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News Links | March 21, 2019

March 21, 2019 by SBCTC Communications

System News | Opinion

Edmonds CC student Lazarus Hart excels in and out of class

Lazarus Hart started college at age 30, envisioning classrooms and term papers. Instead, the Edmonds Community College student’s coursework included cataloging artifacts on archaeological digs at Little Swamp Creek near Kenmore and monitoring salmon at Japanese Gulch in Mukilteo. ... Hart, vice president of the college’s Phi Theta Kappa Honor Society, is among the state’s top scholars who represent Washington’s 34 community and technical colleges as members of the All-Washington Academic Team.
The Everett Herald, March 21, 2019

Peninsula College to lay off staff

Peninsula College officials plan to lay off some staff as the college works to overcome an $800,000 deficit that officials attributed to declining enrollment. Peninsula College President Luke Robins did not say how many positions will be cut, but said the cuts do mean that the majority of continuing education offerings will be suspended. “Any time you have to reduce the number of folks on your staff it’s a tough decision,” Robins said. “Our goal is to maintain … services to students and look at ways we can build our enrollment.”
Peninsula Daily News, March 21, 2019

‘Place of our way’ welcomes Native, Pacific Islander students

Room 221 in Monte Cristo Hall is unlike anywhere else at Everett Community College. Cedar planks cover the walls. Books on tribal history and the Pacific Islands are stacked on shelves. Patterned blankets are folded on a chair. The room has a name, not just a number. Its Lushootseed name means “The Place of Our Way.” “I’m proud and excited this space is here,” said Bradley Althoff, EvCC’s student diversity and equity coordinator, a Tulalip tribal member and co-president of the First Nations Club on campus.
The Everett Herald, March 20, 2019

Two Bates Technical College students named to All-Washington Academic Team

Bates Technical College staff have selected two students to represent the college as members of the All-Washington Academic Team. Governor Jay Inslee will honor our students and other nominees from across the state at a recognition ceremony in Olympia on March 21 at South Puget Sound Community College. California native and Practical Nurse student Diessa Johnson-Scott moved to Tacoma in 2013, where she became a certified nursing assistant. ... Peyton Gomez enrolled at Bates as a part-time high school student to take advantage of the myriad of higher-level courses at the college. 
The Suburban Times, March 20, 2019

Grant helps Clark College students pay for child care

Katherine Shafer’s sons hurtled into the Clark College child care facility on a recent Wednesday morning, eager to show their toys to the staff at the campus-within-a-campus. Shafer, 31, walked in behind 5-year-old Elijah and 3-year-old Aiden, a tired smile on her face. Wednesdays aren’t so bad for Shafer. Usually they’re filled with appointments, school work and classes in the evening. Of course, “not so bad” is relative when you’re a single mother of three young boys — 7-year-old Jeremiah is in grade school — pursuing a college degree. It’s parents like Shafer that Clark College is targeting with a $487,200 grant from the U.S. Department of Education.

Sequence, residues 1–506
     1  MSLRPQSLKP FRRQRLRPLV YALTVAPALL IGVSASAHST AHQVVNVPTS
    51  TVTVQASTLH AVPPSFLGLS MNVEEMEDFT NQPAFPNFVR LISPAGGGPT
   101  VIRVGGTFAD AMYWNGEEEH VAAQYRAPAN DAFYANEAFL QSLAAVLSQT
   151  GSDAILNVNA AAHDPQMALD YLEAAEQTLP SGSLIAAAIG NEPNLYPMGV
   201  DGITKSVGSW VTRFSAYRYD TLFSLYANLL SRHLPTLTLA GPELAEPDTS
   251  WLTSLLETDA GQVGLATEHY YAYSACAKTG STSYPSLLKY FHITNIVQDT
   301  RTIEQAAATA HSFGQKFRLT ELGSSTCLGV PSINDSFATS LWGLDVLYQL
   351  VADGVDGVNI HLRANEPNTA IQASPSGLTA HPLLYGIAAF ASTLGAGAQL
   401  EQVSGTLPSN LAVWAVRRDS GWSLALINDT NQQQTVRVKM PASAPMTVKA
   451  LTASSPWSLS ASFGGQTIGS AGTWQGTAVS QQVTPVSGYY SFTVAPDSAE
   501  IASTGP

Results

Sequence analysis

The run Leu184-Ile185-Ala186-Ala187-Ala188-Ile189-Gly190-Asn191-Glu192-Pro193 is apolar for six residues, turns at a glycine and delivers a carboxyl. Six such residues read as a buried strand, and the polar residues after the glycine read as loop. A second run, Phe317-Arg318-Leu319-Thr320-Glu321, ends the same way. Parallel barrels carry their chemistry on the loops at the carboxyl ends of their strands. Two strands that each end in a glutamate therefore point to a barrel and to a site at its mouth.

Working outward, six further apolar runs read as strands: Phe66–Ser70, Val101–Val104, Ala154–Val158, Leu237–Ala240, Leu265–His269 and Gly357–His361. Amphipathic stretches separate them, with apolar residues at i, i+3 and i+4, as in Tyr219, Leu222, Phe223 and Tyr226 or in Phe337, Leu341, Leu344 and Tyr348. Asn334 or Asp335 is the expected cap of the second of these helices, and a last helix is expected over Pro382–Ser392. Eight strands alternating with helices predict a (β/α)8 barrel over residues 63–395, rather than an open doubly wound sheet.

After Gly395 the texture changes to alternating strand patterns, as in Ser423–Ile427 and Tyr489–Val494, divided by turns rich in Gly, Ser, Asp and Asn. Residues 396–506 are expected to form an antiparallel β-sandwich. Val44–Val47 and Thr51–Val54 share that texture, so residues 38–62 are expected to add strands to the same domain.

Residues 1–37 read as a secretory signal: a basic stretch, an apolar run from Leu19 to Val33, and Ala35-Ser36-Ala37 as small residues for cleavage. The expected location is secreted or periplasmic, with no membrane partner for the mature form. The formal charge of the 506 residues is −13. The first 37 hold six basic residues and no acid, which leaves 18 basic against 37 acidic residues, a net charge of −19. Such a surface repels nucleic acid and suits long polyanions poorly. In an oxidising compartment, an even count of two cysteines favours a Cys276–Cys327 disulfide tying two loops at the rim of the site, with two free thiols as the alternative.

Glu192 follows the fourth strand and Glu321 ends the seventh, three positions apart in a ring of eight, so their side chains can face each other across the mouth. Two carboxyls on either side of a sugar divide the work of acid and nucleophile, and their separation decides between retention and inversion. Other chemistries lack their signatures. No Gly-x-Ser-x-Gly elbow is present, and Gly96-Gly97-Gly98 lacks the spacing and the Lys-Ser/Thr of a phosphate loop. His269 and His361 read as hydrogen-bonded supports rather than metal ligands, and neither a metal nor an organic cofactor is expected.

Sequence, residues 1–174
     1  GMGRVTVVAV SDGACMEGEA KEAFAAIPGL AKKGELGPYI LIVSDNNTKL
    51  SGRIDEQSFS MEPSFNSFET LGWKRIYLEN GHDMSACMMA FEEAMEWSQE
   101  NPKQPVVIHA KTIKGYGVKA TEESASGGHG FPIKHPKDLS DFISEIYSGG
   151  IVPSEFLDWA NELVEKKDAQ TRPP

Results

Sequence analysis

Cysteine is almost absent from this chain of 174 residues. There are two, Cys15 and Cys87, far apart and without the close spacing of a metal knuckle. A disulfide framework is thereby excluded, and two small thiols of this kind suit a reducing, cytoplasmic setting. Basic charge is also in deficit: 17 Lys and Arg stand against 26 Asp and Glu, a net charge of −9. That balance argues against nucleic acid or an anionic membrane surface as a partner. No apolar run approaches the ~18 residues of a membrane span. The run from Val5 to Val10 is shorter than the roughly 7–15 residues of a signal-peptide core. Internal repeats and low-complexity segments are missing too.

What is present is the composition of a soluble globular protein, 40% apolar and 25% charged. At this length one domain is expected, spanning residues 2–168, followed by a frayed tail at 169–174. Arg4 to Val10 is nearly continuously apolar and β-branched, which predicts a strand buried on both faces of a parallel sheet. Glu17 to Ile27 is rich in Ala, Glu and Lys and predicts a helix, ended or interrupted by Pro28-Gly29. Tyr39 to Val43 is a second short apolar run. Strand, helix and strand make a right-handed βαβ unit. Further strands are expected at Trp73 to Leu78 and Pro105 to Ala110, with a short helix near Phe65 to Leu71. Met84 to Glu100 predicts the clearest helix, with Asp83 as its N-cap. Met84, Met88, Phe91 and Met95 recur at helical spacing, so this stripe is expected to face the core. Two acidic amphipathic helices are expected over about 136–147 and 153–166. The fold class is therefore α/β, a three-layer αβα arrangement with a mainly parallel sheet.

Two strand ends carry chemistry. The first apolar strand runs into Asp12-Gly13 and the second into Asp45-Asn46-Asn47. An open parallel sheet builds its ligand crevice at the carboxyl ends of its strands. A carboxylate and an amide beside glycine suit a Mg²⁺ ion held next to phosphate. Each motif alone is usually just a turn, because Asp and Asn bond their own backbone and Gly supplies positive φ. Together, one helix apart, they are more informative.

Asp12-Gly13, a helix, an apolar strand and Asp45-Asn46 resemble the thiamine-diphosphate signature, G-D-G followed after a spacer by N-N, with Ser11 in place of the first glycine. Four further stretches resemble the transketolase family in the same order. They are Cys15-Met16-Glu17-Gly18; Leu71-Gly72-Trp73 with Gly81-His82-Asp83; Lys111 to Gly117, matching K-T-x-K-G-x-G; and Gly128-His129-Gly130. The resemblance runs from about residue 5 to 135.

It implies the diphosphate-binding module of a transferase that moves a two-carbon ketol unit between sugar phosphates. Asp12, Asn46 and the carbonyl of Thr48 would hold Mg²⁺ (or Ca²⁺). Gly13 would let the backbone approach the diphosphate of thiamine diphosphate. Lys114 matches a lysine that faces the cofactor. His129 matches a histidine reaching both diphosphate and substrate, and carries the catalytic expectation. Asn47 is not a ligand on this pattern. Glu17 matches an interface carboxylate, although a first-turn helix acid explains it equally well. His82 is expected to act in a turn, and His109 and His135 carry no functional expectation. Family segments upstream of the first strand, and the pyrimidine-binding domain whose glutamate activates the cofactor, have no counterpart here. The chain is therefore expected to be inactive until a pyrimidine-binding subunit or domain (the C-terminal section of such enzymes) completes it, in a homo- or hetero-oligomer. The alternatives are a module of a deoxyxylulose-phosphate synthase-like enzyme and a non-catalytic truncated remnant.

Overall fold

The Columbian, March 20, 2019

Grays Harbor College fish labbers: Passionate about the sustainability of local fish

Just outside of Aberdeen, at Grays Harbor College (GHC), five exceptional individuals are hard at work as “fish labbers,” with the John Smith Aquaculture Center (also known as the Fish Lab). ... “The Fish Lab is a community and student-driven program where participants have the opportunity to gain experiential learning and informal training in fish hatchery operations, stream monitoring, and resource management” said Dr. Gunn. “I came to this college to teach microbiology but stayed for the community. I remain convinced that we are living in a town full of ecologists.”
Grays Harbor Talk, March 19, 2019

More than 500 girls inspired by leaders in STEM field at annual conference

On Tuesday, hundreds of girls from across Western Washington got out of their regular classrooms and into the world of STEM. They took part in an annual one day conference at Edmonds Community College called Expanding Your Horizons. The goal is to expose female students in grades eight through 12 to the fields of science, technology, engineering and math. [Video]
KIRO 7, March 19, 2019

Big Bend aviation students get close look at C-17

... A McChord crew usually visits Big Bend Community College once per year to discuss C-17 operations and sharing airspace with the big jets. Traditionally the McChord crew brings along a visual aid – their plane. They did so Friday, and aviation students were allowed to take an up-close look, from cargo bay to cockpit. The airport, of course, also is used by commercial jets for testing and training, and by BBCC students in pilot training. And while there is a lot of room around the Grant County International Airport, there’s a lot of traffic, big and small, in a relatively small area. Complicating matters further is the fact BBCC students, C-17 crews and commercial pilots all fly and train at night. And the Moses Lake tower closes at 10 p.m.